[ Ok, hopping into UQY. You know, you could put these timers onto the calendar, so that people could see them, and, like, join your fleets. ] She coughed. [ Hint hint. ]

I felt chagrin as our ships crossed the space towards our staging POS. Our project certainly had turned out more complicated and lossy than expected, and the strain of alarm-clocking the timers was wearing on my team. Asking for Alliance backup would have made some things easier, but yet  …

It wasn’t that we rejected backup when people offered, but somehow it mattered that we didn’t plan on it, even if we couldn’t put the exact reasons into words.

Greygal understood even so. [ You crazy lone wolves with your squirreling… ] she commented with amusement while the crews unloaded the TCU from her ship’s cargo hold, and I laughed.


Wednesday, June 15, 2016

Nine Months Later

        “That’s ok. Sometimes we need a break from you, too.”

Sweat ran down my face as I dropped the empty magazine from my blaster rifle and clicked a new one home. Further down the obstacle course, a combat drone weaved in and out of cover, waiting for me to get out from behind this obstacle. No way I could defeat it from here, but if I could flank it… without a second thought I turned the corner, fired two unaimed shots to make the drone duck back, and broke into a sprint to the nearest obstacle to the side. Sliding to a stop added a few bruises to my skin, but I smiled: it was nice to be back at normal weight and proportions. Now if only I could make it to the next cover… I got moving again: turn the corner, two cover shots, another sprint, and then the world turned a painful red when a blaster bolt hit me mid-stride.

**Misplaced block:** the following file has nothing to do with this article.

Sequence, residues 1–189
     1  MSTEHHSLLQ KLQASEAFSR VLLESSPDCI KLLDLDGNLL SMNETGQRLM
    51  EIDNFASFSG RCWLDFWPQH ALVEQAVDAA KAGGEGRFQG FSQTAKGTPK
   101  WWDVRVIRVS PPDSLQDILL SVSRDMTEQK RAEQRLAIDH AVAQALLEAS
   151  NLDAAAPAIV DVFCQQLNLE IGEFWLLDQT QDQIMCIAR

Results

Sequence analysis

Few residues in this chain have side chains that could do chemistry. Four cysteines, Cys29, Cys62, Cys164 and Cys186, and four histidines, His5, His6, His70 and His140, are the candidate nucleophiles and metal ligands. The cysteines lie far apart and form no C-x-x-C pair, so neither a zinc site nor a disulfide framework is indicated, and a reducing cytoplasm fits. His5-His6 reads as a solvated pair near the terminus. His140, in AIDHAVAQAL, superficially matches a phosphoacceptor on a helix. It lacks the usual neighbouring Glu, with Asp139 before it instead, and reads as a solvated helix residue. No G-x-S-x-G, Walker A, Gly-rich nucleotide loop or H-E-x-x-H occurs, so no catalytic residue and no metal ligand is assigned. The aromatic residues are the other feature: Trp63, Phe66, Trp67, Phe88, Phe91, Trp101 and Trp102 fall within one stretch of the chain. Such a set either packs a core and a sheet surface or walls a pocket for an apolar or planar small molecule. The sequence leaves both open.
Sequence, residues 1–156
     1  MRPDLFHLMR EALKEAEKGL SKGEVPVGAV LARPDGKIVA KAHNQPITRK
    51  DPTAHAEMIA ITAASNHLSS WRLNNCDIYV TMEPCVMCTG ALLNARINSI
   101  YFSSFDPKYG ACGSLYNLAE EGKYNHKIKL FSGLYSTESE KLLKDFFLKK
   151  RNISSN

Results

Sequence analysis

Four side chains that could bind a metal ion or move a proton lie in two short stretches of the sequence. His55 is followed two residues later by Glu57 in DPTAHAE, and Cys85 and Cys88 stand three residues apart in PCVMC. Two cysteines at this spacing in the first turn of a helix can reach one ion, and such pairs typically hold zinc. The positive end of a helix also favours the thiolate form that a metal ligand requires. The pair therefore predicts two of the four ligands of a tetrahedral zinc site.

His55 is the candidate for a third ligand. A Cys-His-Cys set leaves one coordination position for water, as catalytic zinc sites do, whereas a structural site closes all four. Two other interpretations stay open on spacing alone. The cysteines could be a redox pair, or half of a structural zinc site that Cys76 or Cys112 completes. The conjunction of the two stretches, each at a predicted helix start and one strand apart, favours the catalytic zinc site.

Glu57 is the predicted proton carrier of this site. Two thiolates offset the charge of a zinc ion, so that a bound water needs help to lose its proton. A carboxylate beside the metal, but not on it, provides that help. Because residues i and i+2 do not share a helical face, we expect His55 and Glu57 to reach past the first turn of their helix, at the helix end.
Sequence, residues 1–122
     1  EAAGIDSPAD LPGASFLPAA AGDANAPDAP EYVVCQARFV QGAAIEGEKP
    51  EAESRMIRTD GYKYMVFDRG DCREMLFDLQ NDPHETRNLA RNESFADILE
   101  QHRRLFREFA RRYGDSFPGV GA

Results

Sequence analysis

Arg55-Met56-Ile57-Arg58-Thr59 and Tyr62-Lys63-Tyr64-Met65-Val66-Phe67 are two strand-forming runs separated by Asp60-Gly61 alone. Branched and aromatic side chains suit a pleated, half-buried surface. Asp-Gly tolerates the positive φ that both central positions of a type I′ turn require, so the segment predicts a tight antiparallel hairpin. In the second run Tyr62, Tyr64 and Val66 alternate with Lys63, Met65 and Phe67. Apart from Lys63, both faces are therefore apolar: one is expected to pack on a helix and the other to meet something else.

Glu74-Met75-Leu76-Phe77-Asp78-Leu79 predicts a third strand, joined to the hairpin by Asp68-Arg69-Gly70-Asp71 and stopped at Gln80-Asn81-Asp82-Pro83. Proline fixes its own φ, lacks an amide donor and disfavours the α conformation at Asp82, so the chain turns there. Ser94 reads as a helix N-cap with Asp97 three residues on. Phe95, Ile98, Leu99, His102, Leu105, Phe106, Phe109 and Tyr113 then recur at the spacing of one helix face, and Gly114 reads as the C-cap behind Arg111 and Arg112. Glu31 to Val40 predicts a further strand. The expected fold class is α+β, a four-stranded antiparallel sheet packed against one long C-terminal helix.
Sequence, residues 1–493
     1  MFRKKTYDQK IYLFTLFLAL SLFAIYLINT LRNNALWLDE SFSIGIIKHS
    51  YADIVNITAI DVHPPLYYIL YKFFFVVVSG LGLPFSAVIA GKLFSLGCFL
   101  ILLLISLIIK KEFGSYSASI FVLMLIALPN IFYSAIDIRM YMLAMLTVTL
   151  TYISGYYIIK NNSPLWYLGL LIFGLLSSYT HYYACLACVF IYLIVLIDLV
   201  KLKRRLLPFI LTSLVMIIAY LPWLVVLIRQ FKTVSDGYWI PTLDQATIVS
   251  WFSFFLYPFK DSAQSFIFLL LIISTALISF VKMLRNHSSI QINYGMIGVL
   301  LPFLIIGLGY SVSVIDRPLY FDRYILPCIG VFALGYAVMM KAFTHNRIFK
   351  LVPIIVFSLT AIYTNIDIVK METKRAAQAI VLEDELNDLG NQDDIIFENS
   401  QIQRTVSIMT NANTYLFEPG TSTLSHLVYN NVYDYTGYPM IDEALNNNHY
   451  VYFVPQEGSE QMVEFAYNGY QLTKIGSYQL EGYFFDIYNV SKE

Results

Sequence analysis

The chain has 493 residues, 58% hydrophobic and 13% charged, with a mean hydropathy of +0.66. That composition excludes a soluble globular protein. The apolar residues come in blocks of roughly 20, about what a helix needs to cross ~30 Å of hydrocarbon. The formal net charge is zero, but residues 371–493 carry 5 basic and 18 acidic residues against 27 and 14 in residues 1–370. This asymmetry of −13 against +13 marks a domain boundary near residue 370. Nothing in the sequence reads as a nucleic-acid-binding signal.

Collapsing to the ground, momentarily paralyzed from the blast, I cursed: the bloody thing had flanked me!

Groaning I rolled onto my back, when suddenly a heavy weight landed on my chest and a long, rough tongue licked my face. Hands still tingling, I reached up and nudged the dog’s head away, giving me some room. “What are you doing here, Buddy? You could get shot!” Nearby, I sensed the practice combat drone powering down - no longer a danger now that it had won the exercise.


Distracting Buddy with an intense ear-scritching, I managed to sit up and look at the Amarrian teenager standing next to me. “What is it?”

“You have a visitor, Ma’am - a certain Lady Phage. She says that you know her?”

I frowned - I certainly remembered ‘Lady’ Rhea Phage. I just didn’t expect her to show up again in my life. But apparently she wasn’t done with me after all.

“Make her feel welcome - I’ll be joining her shortly.” I looked down at my sweat-glistening upper body and the happy shepherd dog draped across my legs. “I need to freshen up first.”


‘Freshen up’ - I was quietly chuckling at my choice of words as I directed my steps towards our porch. A couple of splashes of water into my face, the worst of the dirt brushed off my camo pants, a dark-mauve blouse thrown over my still sweat-drenched tank top - that counted, right? Nursing a large glass of water, I sat down across of Miss Phage and mustered her. Despite the heat of the day, she looked quite comfortable in her refined business outfit, tea cup in her hand.

“I am sorry to have kept you waiting,” I said, skipping formalities, “but I see that you have been taken care of.”

“Yes, thanks. And no apology needed” she replied, “I didn’t exactly announce my visit beforehand. And the wait did give me time to admire your dwelling here - it is quite impressive.” She cocked her head slightly. “It’s not what I would have expected from you.”

I couldn’t help glancing around at those words - the house, the deck we’re sitting on, the forest surrounding us - before answering. “Honestly, I didn’t expect it myself, nor was it my idea. But now that I’m here… One could say that I had stumbled over an opportunity and ran with it.”

“More than just ‘ran with it’, from what I’ve seen.” she remarked, taking a sip of tea. “But that’s actually why I’m here - to offer you an opportunity of my own.”